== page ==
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Nasho Farmers Ordered To Cut Down Illegal Soghum

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Nasho Farmers Ordered To Cut Down Illegal Soghum

Local leaders of Nasho Sector of Kirehe District have ordered farmers in the area to cut down about 30 hectares of Sorghum that was almost ready for harvest.

The sorghum had been illegally planted on land reserved for pasture.

Farmers have in return been given grass seeds provided by Rwanda Agriculture Board to plant on the land.

The sorghum farmers admitted they did wrong to plant sorghum on the land reserved for pastures but say that their sorghum should not have been cut down because they planted it with full knowledge of the local leaders.

According to a local radio Izuba Radio, farmers argued that they had invested a lot of money in planting sorghum.

“I could not cut down the four hectares sorghum in which I invested almost Rwf 200,000 while I was expecting the benefit from its production,’’ said one farmer.

The farmers pleaded with local leaders to allow them a period of two-months to harvest their sorghum, but their request was turned down by local leaders.

“I planted this sorghum when the local leaders were around,” said another resident whose sorghum was cut down.

During the recent community work Umuganda, residents in the area were asked by leaders to go and cut down the sorghum illegally planted on the land but the residents refused.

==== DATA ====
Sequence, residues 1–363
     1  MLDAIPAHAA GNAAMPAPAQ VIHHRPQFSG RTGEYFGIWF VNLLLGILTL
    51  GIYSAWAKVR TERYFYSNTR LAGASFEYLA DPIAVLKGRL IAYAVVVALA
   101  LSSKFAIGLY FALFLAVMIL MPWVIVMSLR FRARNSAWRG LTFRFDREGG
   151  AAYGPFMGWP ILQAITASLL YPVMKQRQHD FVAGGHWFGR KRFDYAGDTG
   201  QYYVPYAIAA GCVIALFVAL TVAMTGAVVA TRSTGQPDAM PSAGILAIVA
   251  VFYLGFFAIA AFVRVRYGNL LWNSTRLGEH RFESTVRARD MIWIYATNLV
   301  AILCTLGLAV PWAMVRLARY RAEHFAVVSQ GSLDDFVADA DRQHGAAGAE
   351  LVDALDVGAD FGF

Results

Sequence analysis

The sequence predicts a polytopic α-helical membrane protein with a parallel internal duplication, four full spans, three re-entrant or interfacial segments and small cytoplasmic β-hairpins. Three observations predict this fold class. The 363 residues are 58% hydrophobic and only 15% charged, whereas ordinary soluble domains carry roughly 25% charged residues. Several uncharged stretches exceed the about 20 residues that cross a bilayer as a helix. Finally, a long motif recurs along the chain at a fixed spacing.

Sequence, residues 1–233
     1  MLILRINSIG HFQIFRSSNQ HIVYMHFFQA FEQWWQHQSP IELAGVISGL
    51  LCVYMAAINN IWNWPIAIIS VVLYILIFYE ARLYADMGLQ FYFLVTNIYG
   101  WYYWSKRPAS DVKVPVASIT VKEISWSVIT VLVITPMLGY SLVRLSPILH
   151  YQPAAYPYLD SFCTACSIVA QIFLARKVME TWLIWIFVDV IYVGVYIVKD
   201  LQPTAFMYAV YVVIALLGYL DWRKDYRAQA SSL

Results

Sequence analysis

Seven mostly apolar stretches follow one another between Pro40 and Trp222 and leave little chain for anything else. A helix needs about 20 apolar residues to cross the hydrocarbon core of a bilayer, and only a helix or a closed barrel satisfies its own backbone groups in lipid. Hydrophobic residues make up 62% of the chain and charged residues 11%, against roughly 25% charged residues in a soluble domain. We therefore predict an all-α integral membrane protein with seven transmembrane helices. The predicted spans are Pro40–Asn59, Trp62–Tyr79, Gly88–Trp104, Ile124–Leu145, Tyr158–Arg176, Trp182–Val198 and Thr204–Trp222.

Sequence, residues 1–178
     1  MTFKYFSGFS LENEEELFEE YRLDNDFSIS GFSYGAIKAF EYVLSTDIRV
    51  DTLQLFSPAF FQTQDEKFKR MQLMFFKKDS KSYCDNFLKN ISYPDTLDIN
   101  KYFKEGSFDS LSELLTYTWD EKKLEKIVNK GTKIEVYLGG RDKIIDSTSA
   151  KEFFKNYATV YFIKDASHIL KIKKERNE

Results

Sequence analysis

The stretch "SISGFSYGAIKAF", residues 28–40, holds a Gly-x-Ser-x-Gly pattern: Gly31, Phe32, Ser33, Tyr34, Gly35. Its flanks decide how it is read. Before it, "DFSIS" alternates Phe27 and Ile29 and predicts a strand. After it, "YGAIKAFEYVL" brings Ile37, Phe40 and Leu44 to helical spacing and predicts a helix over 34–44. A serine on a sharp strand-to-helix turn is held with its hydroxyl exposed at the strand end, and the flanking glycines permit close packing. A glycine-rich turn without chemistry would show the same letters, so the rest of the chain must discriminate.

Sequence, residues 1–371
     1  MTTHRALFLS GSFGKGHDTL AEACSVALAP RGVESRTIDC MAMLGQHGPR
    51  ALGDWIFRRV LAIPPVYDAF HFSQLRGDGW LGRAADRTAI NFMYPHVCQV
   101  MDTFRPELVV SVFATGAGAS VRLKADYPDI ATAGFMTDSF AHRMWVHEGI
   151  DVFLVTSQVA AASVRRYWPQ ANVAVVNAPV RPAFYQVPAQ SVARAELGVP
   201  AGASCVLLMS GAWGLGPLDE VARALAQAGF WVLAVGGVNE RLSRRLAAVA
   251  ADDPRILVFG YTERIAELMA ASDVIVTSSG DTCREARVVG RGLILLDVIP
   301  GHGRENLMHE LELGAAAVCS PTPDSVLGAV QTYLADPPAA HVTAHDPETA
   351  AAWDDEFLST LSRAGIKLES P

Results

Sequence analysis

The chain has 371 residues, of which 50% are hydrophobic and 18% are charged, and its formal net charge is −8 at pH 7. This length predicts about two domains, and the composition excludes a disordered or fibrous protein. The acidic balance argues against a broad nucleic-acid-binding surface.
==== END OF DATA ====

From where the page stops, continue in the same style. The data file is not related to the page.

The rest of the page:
Afterwards, the local leaders ordered the farmers who had planted them to cut down the sorghum themselves and a fine was imposed for those who would not respect the decision.

Consolee Kanzayire, the Executive Secretary of Nasho Sector said the farmers were asked to cut down the sorghum as they didn’t abide by the instructions not to plant crops in the land reserved for pastures in December 30, 2017.

“We held a meeting with the pasture owners and agreed that no one would cultivate on this land in the three months, according to the law but later, we found that other people, not the pasture owners had already planted sorghum,” she said.

Mrs. Kanzayire adds that though the farmers claim that they had agreed with the pasture owners, there are no signed documents to prove.

“We called them and asked them to remove their crops because they planted them well aware that it was not acceptable,” she said.

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nonaha

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